Thursday, 9 January 2014

Our weather forecast shows

the temperature will rise steadily into the low (and perhaps mid) forties for the coming week. No, I will not be a happy cat. The Senior Cat will also be frustrated beyond measure. He wants to be in his beloved shed - and it will be far too hot for that. The temperature there can rise to well over 50'C on a hot day.
I also have a heat rash - which makes me even more growly and irritable than usual. I will do the shopping early this morning - and visit the chemist to see whether there is something I can use to ease the itchiness of the rash. Sigh!
Now, I don't mind admitting to heat rash but I do wonder how I would feel if I had something seriously wrong with me and someone hacked into my medical records. How would you feel?
There was a proposal here to put all our medical records onto a national medical data base - so that they could be accessed from anywhere in the country. In theory that seems a very sensible idea. If you are on holiday or visiting another part of the country for work and something happens then the medical staff have access to what might be life-saving information.
There are problems however. The first is that the information needs to be kept up to date. That might happen if you visit your own doctor on a regular basis and s/he writes up the notes as you visit. I suspect most doctors do that these days. Do any of them actually write old-fashioned cards these days?
The next problem is what do they write? Is it accurate? Probably not - although I do not doubt most of them do their best. I had to remind my usually competent GP of something the last time I visited. Oddly the nurse I see once a year for a blood test - and who does not keep any records in her office - remembered me and the issue. Hmmm.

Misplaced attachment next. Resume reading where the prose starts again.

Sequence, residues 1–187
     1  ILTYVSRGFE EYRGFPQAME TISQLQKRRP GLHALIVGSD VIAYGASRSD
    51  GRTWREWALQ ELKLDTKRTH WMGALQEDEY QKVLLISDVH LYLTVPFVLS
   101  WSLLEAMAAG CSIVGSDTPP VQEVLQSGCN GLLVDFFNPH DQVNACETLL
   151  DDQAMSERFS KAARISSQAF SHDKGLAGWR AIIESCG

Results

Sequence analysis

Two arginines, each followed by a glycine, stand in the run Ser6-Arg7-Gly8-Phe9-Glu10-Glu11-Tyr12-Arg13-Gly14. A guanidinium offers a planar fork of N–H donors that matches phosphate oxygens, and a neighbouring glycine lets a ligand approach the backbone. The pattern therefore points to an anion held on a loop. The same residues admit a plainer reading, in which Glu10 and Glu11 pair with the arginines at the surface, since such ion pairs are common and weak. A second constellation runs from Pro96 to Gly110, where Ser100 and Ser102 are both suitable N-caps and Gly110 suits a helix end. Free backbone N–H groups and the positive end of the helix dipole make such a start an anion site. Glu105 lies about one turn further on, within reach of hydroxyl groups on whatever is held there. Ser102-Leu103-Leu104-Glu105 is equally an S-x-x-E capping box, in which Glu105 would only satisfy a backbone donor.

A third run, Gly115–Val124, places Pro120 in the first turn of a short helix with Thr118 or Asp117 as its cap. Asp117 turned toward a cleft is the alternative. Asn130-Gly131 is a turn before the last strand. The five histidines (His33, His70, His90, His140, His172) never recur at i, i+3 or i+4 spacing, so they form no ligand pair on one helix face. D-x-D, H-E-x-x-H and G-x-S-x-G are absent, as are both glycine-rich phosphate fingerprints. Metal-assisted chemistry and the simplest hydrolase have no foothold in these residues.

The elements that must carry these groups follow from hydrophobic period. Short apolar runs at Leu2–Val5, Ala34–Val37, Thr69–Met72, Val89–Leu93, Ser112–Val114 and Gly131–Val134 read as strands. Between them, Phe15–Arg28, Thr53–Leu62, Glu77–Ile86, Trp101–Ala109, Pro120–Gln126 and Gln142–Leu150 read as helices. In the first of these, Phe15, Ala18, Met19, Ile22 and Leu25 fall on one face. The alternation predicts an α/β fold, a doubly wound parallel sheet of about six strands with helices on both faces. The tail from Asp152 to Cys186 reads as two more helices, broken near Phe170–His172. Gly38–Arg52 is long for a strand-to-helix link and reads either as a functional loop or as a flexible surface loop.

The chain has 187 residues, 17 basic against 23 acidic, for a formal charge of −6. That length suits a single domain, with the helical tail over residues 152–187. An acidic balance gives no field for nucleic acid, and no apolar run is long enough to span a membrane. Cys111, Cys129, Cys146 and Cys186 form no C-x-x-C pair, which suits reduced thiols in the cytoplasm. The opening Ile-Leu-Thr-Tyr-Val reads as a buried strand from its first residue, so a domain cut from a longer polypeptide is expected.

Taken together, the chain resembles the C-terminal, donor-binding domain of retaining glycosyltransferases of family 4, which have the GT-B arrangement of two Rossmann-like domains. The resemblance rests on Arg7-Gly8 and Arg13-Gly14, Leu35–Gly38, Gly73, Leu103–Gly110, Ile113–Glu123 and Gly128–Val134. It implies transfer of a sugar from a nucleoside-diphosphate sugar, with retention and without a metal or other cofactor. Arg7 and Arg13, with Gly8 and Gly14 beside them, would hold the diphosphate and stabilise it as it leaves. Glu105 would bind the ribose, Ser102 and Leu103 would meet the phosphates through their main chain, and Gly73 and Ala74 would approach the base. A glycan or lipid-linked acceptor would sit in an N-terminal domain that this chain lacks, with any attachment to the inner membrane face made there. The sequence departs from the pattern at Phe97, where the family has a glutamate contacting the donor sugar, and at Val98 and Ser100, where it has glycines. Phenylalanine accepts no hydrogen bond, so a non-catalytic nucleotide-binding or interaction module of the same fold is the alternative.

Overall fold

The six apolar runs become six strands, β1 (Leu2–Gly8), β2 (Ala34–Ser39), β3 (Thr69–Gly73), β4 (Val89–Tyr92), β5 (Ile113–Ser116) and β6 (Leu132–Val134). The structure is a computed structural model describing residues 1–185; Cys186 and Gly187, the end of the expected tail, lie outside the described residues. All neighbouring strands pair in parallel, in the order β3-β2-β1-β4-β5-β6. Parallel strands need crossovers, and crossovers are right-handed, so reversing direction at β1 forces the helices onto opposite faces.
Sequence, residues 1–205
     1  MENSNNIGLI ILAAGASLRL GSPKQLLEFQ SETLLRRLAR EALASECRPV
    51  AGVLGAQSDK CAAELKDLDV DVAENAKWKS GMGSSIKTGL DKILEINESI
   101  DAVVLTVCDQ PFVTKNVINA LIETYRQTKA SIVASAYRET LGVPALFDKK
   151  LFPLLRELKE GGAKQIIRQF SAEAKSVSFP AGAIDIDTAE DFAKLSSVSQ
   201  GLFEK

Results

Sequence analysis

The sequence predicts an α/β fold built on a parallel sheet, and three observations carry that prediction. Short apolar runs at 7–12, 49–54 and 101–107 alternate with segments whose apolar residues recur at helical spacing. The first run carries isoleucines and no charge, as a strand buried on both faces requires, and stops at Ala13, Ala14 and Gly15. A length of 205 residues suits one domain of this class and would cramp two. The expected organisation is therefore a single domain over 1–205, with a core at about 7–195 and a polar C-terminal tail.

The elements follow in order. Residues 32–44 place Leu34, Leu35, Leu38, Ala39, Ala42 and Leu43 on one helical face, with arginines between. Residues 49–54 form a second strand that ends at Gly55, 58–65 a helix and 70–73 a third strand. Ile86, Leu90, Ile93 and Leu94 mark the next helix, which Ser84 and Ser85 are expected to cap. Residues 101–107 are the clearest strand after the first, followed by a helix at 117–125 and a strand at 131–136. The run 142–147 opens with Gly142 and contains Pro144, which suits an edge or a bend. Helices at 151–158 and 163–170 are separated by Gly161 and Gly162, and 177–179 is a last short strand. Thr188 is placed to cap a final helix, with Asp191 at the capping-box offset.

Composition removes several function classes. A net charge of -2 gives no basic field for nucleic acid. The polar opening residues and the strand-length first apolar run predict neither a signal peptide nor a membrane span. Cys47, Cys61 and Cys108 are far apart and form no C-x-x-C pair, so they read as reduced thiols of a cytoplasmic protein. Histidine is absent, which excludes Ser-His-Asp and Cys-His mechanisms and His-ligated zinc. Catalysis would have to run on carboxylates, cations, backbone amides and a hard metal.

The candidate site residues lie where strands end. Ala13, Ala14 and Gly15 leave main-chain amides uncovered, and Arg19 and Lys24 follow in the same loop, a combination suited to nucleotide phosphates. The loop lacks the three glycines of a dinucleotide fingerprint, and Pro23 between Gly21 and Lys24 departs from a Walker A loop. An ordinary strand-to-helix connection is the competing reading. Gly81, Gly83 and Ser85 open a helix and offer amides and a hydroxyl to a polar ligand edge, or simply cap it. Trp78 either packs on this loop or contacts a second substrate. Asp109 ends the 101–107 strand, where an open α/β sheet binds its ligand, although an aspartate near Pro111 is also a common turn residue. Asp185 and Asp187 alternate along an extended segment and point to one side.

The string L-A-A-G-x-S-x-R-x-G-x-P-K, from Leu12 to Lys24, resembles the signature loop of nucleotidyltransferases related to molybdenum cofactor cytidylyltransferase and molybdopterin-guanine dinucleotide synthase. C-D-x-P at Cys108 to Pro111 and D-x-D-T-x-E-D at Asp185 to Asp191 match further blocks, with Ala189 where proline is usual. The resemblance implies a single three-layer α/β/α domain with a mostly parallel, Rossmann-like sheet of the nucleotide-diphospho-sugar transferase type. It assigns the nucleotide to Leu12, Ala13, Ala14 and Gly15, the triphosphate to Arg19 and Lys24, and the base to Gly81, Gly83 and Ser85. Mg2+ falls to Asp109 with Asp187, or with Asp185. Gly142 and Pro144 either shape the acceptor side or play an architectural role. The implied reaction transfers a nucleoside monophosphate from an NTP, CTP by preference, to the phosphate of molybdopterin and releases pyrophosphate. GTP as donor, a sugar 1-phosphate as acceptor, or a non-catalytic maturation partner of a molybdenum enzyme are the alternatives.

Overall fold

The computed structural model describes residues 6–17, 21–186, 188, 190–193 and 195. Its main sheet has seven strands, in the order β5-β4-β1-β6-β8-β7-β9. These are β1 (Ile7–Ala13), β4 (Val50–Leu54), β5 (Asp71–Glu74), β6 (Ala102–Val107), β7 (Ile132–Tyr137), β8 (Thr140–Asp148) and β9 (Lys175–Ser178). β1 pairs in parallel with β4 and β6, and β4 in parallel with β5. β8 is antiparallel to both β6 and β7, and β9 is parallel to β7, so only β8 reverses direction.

I also suspect that computerised records stop some doctors (and perhaps other staff) writing useful comments like, "hypochondriac" or "always arguing" or "refuses to take advice/medication" or "self-medicates" or "unstable" or whatever else it is that they wrote as reminders to themselves and their fellow doctors. 
And the reason for that of course is that anything on a computer can be hacked. Nothing is safe. A national medical data base would be no more secure than anything else - and we know how safe the supposedly most secure of records has turned out to be.
I know my medical records are on computer at the clinic I attend. There is not much I can do about that. Could they be hacked? I have no doubt at all that they could be. I don't think there is anything there that I would be worried about the world knowing but that does not mean I want the world to know. Why should they? It's my business, not theirs.
It would not be long before a medical data base was also made available to other government departments. Potential employers would no doubt argue for access - and at least other government departments would get it.
I don't doubt that any records which have been kept about me and are on a computer data base would be available to the world if someone chose to find them and publish them. The same would be true of anyone else. It does not make me paranoid - but it does make me wary.
You doubt it? Some years ago two primary school boys hacked into the computer system at their school. They did not do it for nefarious reasons but to show the staff that the system was not in the least bit secure - they were eleven year old boys without much experience at all and, they claim, it took them less than half an hour to do it.
I carry essential medical information with me. It's in a little green and white ambulance service folder. It is instantly available without access to a computer. I hope it is never needed. What more do you want? 

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